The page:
And, to Hell with it, here’s some problems that surfaced among the Whig presidencies. It seems as if fate was a little crueler towards the Whigs.

William Henry Harrison succumbed to pneumonia only a month into his presidency; the one and only health problem related to Hillary Clinton that should be taken as a threat. But realize modern medicine for pneumonia has drastically changed since 18-fucking-41. Zachary Taylor (who might have been poisoned) died after eating a bowl of cherries from “heat stroke”. John Tyler chose not to seek his initial re-election to his position in the House of Representatives in 1821 because of “illness” – yet he would eventually become president after Harrison’s demise.

And fuck it, why not tell you about some prominent politicians (some candidates who lost, others Vice Presidents) who never became president?

John McCain beat cancer and was a tortured prisoner of war in Vietnam. Dan Quayle had pulmonary embolism and didn’t have the brains to spell “potato” properly. Dick Cheney has survived five heart attacks.

And let’s not forget to mention how some presidents actually died after their terms.

Both George Washington and Ulysses Grant died from problems within their mouth/throat. John Quincey Adams had a paralyzing stroke. James Polk drifted away, violently, with cholera morbus. Taft’s morbid obesity caught up to him, as he succumbed to a stroke. Calvin Coolidge fell over from heart failure. Nixon’s brain swelled up as he lived his final moments in paralysis. Both William McKinley and James Garfield (and perhaps Abraham Lincoln, to some theories) could have possibly survived their assassinations had medical procedures and finding bullets been easier said than done back in the day.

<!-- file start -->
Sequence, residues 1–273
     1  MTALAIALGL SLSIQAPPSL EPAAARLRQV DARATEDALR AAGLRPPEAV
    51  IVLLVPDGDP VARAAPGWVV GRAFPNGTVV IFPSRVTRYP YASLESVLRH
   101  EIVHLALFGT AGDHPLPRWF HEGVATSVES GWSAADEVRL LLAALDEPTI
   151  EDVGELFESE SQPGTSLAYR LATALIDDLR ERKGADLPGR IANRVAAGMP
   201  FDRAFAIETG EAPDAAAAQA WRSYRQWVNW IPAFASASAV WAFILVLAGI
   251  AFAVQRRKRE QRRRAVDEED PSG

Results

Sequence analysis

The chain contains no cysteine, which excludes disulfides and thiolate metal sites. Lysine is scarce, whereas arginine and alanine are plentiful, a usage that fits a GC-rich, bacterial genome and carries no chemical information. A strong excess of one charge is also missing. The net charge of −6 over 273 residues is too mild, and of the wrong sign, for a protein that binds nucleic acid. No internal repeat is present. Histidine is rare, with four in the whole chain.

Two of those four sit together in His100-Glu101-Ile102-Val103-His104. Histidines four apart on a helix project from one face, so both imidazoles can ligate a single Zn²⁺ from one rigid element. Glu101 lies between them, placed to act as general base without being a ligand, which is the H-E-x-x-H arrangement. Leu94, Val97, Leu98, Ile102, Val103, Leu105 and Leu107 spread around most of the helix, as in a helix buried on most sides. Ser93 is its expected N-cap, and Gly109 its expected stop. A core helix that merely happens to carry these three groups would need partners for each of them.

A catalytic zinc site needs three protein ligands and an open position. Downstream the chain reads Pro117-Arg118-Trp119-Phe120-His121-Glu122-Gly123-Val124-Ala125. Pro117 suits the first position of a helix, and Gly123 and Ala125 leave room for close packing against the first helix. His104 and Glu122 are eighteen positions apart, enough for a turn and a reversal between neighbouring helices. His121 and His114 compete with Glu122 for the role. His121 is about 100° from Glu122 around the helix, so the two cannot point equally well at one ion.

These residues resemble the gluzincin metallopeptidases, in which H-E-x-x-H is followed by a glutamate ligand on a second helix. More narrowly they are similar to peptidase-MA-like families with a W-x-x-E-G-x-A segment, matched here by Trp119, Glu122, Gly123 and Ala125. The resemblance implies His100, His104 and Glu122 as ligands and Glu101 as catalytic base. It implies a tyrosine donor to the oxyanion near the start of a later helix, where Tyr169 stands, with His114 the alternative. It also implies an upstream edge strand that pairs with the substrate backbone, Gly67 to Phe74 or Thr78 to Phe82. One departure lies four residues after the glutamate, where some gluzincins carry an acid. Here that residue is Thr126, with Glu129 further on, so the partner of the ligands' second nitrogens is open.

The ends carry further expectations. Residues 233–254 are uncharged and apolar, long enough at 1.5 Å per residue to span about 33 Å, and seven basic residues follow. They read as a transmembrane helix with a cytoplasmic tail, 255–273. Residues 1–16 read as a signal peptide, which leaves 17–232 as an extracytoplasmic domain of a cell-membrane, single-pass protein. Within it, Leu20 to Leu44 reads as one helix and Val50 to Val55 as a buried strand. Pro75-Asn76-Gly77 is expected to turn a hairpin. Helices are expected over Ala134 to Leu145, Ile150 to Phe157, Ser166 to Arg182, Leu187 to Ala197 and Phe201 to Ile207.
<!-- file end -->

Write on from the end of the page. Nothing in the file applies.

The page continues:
But let’s talk about how Hillary Clinton may or may not be sick, shall we?

The most ironic part of this entire situation, with Republicans bashing Hillary Clinton left and right over her own personal health, is that this is most likely the first time in modern history in which the GOP actually gave a shit about a woman’s health!

Now, I understand. I’m worried about Hillary’s health myself. Just as I would have been worried about any of the previous examples had I lived under them.

But, think of it this way. Physical ailments have entered the White House before, and they’ll enter the White House again in the future. But, Goldwater’s Rule be damned, psychological and mental ailments have no place in America’s most powerful position. When given the choice between two evils, maybe we shouldn’t elect the worst of the two. Hillary Clinton is far from perfect. I’ve expressed this throughout the entire campaign. But America can’t survive a Trump presidency.

Hillary’s Health doesn’t matter. Her policies do. This isn’t the first “scandal” or controversial conspiracy theory that the Clinton campaign has seen. From her damned emails to her pivoting towards the right to details of rigging; she’s been through it all. She’ll get through this.